Journey to...Guatemala

Journey to...Guatemala

Guatemala is the largest country in Central America and a gorgeous place with a long and turbulent history. Here's some reasons why it's so special....


> It has been inhabited for 20,000 years! Long before the Spanish conquistadors arrived in Guatemala, the land was ruled by various Mayan kingdoms.

> It is home to the deepest lake in Central America, Lake Atitlan. This volcano-ringed lake is a jewel in the crown of Guatemala’s tourism industry, but it is also interesting below the surface at 340 meters deep.

> Guatemala is famous for its volcanos...there are more than 30, and three of them are active!

War & unrest, whew. The Guatemalan Civil War was the longest in Latin American history. Civil war raged in Guatemala from 1960 to 1996, and its effects are still felt throughout the country today. It is estimated that 200,000 people were killed during the 36-year conflict. And it all began when the CIA overthrew a socialist government in 1954. Yeah, what?! (More on that below in the history section.)

> Guatemala’s national bird is the quetzal, a beautiful long-tailed bird that lives largely in humid forests. It’s becoming increasingly difficult to see them in the wild, but you can see them every day on Guatemalan bank notes, as the currency is also named after the bird.

> LEARN MORE about the beautiful country of Guatemala and see maps at World Atlas

> For a delicious recipe of the traditional Pepian, keep scrolling! 

(All Guatemala photos by Michael Rice)



THE BEGINNING. In the 1700s, Jesuits brought the first coffee plants to Guatemala as a decoration for their monasteries in the city of Antigua, but it wasn't cultivated til later. In the early 1800s, Guatemala’s indigo plantations were devastated by locusts and then fifty years later, the invention of chemical dyes in Europe made indigo production in Guatemala unprofitable. So the government began to provide economic incentives to encourage the production of coffee commercially.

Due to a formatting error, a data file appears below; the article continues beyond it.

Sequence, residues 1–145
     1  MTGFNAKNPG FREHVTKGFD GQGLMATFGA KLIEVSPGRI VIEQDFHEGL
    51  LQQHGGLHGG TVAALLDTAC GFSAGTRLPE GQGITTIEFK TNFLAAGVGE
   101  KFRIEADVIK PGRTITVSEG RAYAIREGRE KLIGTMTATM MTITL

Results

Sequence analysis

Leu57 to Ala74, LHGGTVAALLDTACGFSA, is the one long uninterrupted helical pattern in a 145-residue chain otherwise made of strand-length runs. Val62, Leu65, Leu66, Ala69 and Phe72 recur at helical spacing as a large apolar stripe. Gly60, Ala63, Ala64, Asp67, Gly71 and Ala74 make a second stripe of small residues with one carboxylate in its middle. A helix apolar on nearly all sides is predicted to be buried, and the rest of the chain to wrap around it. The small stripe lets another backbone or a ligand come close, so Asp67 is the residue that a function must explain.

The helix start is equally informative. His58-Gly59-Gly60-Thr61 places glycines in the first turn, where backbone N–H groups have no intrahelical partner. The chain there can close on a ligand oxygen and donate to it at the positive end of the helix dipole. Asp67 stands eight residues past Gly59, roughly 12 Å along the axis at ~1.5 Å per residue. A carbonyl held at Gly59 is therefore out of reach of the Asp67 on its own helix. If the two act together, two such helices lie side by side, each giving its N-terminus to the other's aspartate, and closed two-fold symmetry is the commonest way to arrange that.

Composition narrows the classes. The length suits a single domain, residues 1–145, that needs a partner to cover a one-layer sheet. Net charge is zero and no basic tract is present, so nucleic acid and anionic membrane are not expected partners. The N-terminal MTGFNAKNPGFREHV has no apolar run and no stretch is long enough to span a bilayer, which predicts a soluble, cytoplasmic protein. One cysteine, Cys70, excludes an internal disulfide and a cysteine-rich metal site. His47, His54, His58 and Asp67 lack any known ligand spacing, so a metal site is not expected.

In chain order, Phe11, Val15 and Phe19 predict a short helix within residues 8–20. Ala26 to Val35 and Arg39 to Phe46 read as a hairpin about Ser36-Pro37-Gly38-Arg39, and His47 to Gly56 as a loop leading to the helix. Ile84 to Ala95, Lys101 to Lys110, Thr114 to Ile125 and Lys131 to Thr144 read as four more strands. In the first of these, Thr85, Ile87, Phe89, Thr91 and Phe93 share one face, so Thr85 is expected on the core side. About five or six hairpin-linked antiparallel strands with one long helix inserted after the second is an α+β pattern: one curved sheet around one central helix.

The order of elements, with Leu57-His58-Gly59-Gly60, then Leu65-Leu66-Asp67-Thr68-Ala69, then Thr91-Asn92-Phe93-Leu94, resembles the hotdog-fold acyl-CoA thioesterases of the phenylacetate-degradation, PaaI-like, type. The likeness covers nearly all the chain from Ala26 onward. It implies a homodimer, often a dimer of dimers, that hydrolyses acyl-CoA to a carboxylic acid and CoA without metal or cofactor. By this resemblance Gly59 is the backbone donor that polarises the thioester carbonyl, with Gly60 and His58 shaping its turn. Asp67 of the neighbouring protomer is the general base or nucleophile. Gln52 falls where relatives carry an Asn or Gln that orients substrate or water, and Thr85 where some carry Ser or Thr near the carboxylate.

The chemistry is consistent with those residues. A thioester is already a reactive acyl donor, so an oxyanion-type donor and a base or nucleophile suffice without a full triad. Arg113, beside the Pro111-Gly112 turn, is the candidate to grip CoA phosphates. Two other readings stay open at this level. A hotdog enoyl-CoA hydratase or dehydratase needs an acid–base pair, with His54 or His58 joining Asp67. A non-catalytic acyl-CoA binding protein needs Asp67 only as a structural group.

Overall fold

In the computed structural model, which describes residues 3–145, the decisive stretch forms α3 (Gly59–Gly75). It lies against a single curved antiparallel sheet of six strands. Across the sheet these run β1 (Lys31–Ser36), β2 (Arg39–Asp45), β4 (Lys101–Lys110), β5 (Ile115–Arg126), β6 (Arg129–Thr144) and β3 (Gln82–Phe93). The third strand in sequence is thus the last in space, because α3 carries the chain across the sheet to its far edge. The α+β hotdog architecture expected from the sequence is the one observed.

In 1860, coffee exports nearly tripled, and in 1868 the government instated a program that distributed more than one million seedlings to rural farmers. In the 1870s, president Justo Rufino Barrios enacted a number of policies aimed at making coffee the primary good of the Guatemalan economy, and in 1880, coffee sales made up ninety percent of Guatemala’s exports. Unfortunately, not all Guatemalans benefited from this economic shift, as many indigenous peoples saw their land expropriated to become part of large plantations. 

And then the story of coffee joins the story of civil war, genocide and refugee crisis in Guatemala over three decades, which the US funded. An estimated 200,000 people died, and another 200,000 narrowly escaped death. 


CIVIL WAR & UNREST. It all started in 1951, when Jacobo Arbenz Guzman came to power in Guatemala, and was the nation’s first democratically elected leader, who enacted a land reform and more. But during these years, the US was occupied with the Soviet Union in the looming Cold War, and Communism was the great terror to avoid – at all cost. For fear that Guatemala was becoming inviting to Communism, the US intervened, arming hundreds of men in Guatemala and surrounding regions to oppose Guzman. 


The Arbenz government was overthrown by a CIA-organized coup in 1954. The land reform was reversed, the unions and popular organizations disbanded, and thousands of people were murdered, including organizers and members of agricultural cooperatives. The terror unleashed by the US overthrow of Arbenz continued through a succession of governments, leading to the outbreak of civil war in 1962, which lasted through 1996 when Peace Accords were finally negotiated.